Chronic diseases are diseases that last a long time, cannot be completely cured and therefore often require repeated treatment. They include cardiovascular diseases, cancer, dementia, chronic respiratory conditions and diabetes.
Chronic diseases are some of the leading causes of death worldwide, with the global demographic development playing a major role in this. Chronic diseases tend to occur primarily in the elderly and often concurrently (known as comorbidity). Since chronic diseases occur more frequently in later life and the population is ageing overall, these diseases are becoming more significant in economic terms as they swallow up ever more resources in addition to causing suffering for patients and their families. A large proportion of expenditure in the healthcare system is due to the direct costs of treating chronic diseases and caring for people with such diseases.
According to the Federal Statistical Office, cardiovascular diseases were the most common cause of death and the third most common reason for hospitalisation in Switzerland in 2016.
Various risk factors are responsible for cardiovascular diseases. There are factors that cannot be influenced, such as hereditary predisposition. Others are dependent on the individual’s behaviour. These include insufficient physical activity, an unhealthy diet, excessive alcohol consumption and smoking. Further research is still needed in order to identify the precise relationships between risk factors, environment and disease processes and to develop optimised therapies.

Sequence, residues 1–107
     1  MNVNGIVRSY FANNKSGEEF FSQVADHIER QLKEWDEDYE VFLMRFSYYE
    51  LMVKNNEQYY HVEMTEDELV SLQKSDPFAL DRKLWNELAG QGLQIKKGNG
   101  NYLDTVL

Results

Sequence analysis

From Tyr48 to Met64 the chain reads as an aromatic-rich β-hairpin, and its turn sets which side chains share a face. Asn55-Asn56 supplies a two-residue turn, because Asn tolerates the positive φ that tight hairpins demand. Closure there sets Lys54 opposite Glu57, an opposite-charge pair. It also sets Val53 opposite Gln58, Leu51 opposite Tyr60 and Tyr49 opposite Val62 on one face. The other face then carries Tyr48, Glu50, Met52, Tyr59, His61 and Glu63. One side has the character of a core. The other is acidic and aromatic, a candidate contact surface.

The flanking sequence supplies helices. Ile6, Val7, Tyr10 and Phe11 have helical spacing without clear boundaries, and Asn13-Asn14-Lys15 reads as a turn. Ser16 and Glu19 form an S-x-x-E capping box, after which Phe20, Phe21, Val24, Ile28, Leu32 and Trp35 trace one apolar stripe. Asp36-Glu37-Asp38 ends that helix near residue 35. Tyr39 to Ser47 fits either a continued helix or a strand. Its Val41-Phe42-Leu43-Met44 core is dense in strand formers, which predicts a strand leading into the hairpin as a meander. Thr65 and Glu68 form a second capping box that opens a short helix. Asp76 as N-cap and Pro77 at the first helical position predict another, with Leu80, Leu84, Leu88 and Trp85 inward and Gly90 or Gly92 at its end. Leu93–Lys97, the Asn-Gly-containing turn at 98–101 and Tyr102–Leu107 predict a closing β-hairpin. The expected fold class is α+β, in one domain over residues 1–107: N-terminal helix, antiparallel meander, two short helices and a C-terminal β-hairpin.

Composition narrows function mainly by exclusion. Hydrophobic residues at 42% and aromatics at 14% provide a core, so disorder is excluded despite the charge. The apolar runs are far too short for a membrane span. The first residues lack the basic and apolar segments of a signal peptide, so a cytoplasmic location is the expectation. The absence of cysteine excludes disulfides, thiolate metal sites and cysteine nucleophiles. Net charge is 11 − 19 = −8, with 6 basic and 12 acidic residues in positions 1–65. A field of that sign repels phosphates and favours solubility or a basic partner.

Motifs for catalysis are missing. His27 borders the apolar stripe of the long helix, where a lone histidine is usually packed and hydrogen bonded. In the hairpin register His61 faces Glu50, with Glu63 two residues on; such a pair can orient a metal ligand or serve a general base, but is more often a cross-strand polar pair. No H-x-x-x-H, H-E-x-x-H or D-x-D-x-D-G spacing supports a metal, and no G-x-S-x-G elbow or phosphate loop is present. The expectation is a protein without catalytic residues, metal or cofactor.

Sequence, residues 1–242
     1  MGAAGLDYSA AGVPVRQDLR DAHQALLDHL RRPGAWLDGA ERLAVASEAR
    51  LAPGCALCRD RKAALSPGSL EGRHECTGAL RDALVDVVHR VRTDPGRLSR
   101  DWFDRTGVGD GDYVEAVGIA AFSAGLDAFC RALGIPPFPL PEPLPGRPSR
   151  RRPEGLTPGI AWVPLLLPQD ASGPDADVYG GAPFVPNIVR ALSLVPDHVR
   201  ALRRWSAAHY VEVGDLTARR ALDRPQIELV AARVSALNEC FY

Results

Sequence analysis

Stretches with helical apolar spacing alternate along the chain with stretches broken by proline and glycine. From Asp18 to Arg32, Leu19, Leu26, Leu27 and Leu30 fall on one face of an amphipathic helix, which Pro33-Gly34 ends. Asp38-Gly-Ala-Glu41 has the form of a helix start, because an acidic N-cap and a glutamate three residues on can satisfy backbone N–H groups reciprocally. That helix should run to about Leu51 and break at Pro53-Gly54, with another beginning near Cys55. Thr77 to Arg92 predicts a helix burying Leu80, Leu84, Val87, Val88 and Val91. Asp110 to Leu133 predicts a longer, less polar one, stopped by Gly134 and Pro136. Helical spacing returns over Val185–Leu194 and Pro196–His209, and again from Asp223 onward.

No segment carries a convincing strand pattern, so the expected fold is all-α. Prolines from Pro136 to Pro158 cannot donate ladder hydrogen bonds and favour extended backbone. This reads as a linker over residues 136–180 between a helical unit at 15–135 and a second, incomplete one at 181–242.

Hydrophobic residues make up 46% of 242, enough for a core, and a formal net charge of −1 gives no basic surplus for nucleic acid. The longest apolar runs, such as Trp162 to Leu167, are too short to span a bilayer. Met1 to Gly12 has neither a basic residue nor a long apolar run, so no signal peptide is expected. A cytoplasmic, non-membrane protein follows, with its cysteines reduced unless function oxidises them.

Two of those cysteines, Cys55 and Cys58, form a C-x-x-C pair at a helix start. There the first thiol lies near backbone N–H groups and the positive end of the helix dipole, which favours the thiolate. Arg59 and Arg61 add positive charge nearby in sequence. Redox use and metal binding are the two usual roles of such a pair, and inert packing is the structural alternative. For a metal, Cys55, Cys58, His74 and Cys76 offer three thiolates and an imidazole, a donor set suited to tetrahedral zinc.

There are various forms of diabetes, a condition that involves an excessively high level of blood glucose, also known as hyperglycaemia. The two most important forms are type 1 and type 2 diabetes. In type 1 diabetes, the body’s own immune system destroys the cells in the pancreas that produce insulin. Patients are often still very young when a diagnosis is made.
Type 2 diabetes accounts for 90% of all cases. Previously referred to as late-onset or adult-onset diabetes, younger people are increasingly developing this form nowadays, not least because the risk factors of excess weight and lack of physical activity may occur at an early age. These and other risk factors can lead to reduced sensitivity to insulin (insulin resistance) and subsequently to hyperglycaemia. As with cardiovascular diseases, the risk factors predisposing to type 2 diabetes can often be actively modified. Diabetes prevention programmes show that lifestyle changes can have a lasting positive effect. It is now also known, however, that the risk of developing type 2 diabetes can be increased by genetic predisposition.